24. 24.

    Environmental historian Henk van Zon mentions among other things strategic surveys of coal in Germany and Great Britain from the eighteenth to the twentieth centuries. See Henk van Zon, Geschiedenis en Duurzame Ontwikkeling, Duurzame Ontwikkeling in Historisch Perspectief, Enkele Verkenningen, Vakreview (Nijmegen: Universitair Centrum Milieuwetenschappen, 2002), 36–53.; Another unique exception is the dispute around the zinc mine in Kelmis that in the course of the determination of the boundaries of the Kingdom of the Netherlands in 1820 led to a neutral territory administered jointly by The Netherlands (and after 1830 Belgium) and Prussia.

  25. 25.

    M.J. van der Meulen, T.P.F. Koopmans, and H.S. Pietersen, ‘Construction Raw Materials Policy and Supply Practices in Northwestern Europe,’ Aardrijkskundige Mededelingen, Industrial Minerals - Resources, Characteristics and Applications., 13 (2003): 19–30.

  26. 26.

    “The Raw Materials Initiative - Meeting our Critical Needs for Growth and Jobs in Europe,” Communications from the Commission to the European Parliament and Council COM (2008) 699 (Brussels: Commission of the European Communities, April 11, 2008), 2.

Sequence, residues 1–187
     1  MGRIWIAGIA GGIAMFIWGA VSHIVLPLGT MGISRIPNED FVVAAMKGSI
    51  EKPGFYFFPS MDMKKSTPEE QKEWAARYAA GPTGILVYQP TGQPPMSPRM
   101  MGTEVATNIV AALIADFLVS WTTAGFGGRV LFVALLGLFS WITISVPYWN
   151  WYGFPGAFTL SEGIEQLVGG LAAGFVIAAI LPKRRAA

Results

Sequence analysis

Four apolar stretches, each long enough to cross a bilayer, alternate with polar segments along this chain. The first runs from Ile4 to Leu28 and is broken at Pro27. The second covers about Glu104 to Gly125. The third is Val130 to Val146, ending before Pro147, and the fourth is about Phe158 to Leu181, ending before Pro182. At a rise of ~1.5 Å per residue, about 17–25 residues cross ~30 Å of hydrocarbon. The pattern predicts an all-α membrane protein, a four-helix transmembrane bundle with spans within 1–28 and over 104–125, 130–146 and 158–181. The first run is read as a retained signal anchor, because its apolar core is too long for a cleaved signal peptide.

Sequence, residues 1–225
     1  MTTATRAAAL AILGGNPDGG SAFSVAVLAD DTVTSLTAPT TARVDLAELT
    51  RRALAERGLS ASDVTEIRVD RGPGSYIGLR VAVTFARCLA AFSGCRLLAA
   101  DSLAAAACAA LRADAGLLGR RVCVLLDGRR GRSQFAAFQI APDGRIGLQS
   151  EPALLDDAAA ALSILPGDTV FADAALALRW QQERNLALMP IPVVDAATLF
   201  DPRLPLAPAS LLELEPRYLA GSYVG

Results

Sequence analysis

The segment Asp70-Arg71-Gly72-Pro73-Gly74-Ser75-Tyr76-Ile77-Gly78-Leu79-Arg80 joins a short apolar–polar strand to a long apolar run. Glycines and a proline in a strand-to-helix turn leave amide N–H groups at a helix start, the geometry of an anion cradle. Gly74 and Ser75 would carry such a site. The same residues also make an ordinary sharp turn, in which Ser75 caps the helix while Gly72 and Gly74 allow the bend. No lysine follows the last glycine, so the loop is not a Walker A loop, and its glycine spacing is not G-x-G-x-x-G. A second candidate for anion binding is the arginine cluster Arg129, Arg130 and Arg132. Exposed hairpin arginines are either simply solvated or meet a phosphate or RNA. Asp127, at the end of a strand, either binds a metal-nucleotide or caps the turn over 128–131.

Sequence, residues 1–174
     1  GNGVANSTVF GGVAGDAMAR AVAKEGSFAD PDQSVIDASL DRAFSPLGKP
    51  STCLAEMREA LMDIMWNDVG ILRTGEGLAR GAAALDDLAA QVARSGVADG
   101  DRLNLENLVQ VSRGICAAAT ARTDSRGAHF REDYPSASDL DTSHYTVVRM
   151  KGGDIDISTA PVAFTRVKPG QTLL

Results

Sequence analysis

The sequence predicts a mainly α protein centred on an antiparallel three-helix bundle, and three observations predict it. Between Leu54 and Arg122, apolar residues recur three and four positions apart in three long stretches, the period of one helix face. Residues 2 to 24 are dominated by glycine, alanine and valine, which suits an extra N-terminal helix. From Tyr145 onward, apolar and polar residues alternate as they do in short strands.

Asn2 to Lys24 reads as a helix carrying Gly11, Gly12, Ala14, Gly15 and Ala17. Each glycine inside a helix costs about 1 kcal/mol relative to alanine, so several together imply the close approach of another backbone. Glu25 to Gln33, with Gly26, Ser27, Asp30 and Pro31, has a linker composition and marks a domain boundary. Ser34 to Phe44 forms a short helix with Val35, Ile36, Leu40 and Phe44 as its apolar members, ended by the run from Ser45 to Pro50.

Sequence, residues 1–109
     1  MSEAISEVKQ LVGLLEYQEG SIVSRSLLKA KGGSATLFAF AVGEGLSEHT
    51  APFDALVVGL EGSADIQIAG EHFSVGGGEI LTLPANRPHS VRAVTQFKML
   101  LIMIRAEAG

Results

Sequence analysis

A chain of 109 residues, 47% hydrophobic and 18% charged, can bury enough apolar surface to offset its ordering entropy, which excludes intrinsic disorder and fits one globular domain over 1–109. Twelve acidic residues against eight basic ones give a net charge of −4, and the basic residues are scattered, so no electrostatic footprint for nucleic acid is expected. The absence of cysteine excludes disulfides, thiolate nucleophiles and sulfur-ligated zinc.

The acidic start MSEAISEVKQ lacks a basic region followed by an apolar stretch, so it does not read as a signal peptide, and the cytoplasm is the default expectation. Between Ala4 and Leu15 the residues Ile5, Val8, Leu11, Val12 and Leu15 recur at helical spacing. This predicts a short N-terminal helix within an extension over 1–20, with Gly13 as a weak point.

27. 27.

    Th. Henckens, Managing Raw Materials Scarcity, Safeguarding the Availability of Geologically Scarce Mineral Resources for Future Generations (Universiteit Utrecht, 2016)., 74–79 and 110–112.

  28. 28.

    A pessimistic current among scientists assumes depletion; more optimistic scientists stress that higher prices will lead to the discovery of new mining locations and that technological developments will lead to the adoption of alternative materials. Ibid. 16–18.

  29. 29.

    Piet Depuydt, ‘Chinezen beheersen de zeldzame aardmetalen: Tekort aan onmisbare grondstoffen zet verhouding in de wereld op scherp’, in NRC, sectie economie, 16–1-2010, p. 13.